“People were flipping out and found it awesome.”
After such a positive reaction, Scholl and Schmidt decided to get the device ready for a market launch. To do so, ICAROS GmbH was founded as a subsidiary of HYVE. The founders are reserved when it comes to the exact shareholder structure:
“Let’s just say that everyone is happy.”
The young company was able to get started immediately, as co-founder Michael Schmidt said:
“Working at HYVE meant that we knew the right people. We had the connections and the network to build a product that included extremely complex mechanics plus its own electronics and software. Right from the beginning, we knew who would be printing our circuit boards and who would build the prototypes.”
The network mainly includes established, medium-sized companies. The entire production process takes place in Germany: the devices are manufactured in the Allgäu, the electronics come from Düsseldorf and the casings are from Nuremberg. At the array of trade fairs and events where the startup has presented its prototypes, over 3,000 testers tried out the device, including techies, fitness experts, physical therapists and gamers. Their feedback was incorporated into further development of the product.
ICAROS has been ready to start with serial production for a few months now. Since April of this year, the company has been delivering devices to customers, especially to fitness studios.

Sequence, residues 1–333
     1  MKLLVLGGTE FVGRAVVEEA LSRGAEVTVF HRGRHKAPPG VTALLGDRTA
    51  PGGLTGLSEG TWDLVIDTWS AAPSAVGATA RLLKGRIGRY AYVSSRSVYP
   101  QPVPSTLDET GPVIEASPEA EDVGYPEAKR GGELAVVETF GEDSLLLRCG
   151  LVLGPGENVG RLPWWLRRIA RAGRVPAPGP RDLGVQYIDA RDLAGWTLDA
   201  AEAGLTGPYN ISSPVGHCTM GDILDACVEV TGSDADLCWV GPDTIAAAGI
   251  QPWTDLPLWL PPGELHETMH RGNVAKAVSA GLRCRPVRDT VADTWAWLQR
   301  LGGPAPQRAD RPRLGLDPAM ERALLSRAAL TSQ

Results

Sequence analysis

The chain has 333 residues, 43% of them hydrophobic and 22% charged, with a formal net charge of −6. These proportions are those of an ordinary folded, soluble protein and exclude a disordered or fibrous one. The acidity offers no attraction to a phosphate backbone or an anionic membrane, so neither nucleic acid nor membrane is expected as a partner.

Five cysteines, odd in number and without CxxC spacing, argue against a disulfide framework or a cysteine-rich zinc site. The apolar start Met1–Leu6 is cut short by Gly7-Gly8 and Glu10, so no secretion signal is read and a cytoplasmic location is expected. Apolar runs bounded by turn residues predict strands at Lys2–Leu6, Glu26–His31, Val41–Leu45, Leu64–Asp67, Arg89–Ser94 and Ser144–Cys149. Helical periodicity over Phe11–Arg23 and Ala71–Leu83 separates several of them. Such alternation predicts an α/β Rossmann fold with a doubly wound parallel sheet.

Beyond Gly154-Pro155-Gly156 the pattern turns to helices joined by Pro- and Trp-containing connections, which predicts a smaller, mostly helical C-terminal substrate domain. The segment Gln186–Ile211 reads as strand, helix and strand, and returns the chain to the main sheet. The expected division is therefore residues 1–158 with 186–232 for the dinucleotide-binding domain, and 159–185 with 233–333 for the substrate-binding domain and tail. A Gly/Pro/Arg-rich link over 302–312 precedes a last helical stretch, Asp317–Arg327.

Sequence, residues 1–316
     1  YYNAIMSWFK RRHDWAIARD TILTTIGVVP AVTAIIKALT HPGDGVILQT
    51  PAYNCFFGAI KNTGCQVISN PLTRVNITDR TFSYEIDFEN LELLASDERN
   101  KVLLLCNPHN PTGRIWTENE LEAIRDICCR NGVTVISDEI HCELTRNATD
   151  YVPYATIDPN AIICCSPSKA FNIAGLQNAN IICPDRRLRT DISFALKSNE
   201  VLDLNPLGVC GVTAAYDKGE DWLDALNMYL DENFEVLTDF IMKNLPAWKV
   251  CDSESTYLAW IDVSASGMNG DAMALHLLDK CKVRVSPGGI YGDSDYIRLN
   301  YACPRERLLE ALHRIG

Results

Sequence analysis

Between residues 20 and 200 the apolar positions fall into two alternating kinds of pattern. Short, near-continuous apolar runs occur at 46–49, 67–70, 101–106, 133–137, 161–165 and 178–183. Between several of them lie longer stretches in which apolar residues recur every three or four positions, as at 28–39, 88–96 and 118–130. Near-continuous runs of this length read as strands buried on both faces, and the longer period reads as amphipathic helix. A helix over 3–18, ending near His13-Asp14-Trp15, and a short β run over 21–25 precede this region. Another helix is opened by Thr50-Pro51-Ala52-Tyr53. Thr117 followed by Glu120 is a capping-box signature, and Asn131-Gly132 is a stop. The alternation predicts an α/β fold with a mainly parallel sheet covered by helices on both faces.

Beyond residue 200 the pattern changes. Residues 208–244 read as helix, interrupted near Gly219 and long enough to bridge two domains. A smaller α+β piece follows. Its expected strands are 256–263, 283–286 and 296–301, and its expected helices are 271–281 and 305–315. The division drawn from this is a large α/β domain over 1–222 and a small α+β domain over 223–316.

New devices, new target groups, new game environments
The founders see the future of their company in a growing range of products with devices for various applications, explained Schmidt:
“We have ideas for devices that start at a reasonable market price and go way over 15,000 euros. The amount of physical effort needed for them would significantly surpass that of the current model.”
Fitness studios will continue to be an important target group. At the same time, the startup is also working on a home training version that the user will be able to assemble after delivery. The company is aiming for a retail price of 7,500 euros for fitness studios, and the home training device should cost about a third of that. The game environment is also on the development to-do list. An underwater world is already being planned, as is a platform for external software developers. Both founders are currently testing a new multiplayer mode:
Discussions with physical therapists revealed further applications and target groups: The ICAROS could be used to support work in rehabilitation facilities, for example to mobilize stroke patients or for physical therapy for athletes. Schmidt said that initial tests have started and added:
“We are certainly still experimenting. However, we are not eliminating the possibility of offering specialized therapy devices in the future.”
The sport scientists at the Technical University of Munich currently have a device. They are recording data, and want to measure and quantify the impact of exercising with ICAROS: Which muscle groups are engaged? How many calories are burned? The German Sport University Cologne will start its own testing at the end of August.
The next step is for the team to grow and to step up production of the current device. Demand should definitely not be a problem. We will not be surprised to find ICAROS more and more in the near future in fitness centers, offices and living rooms.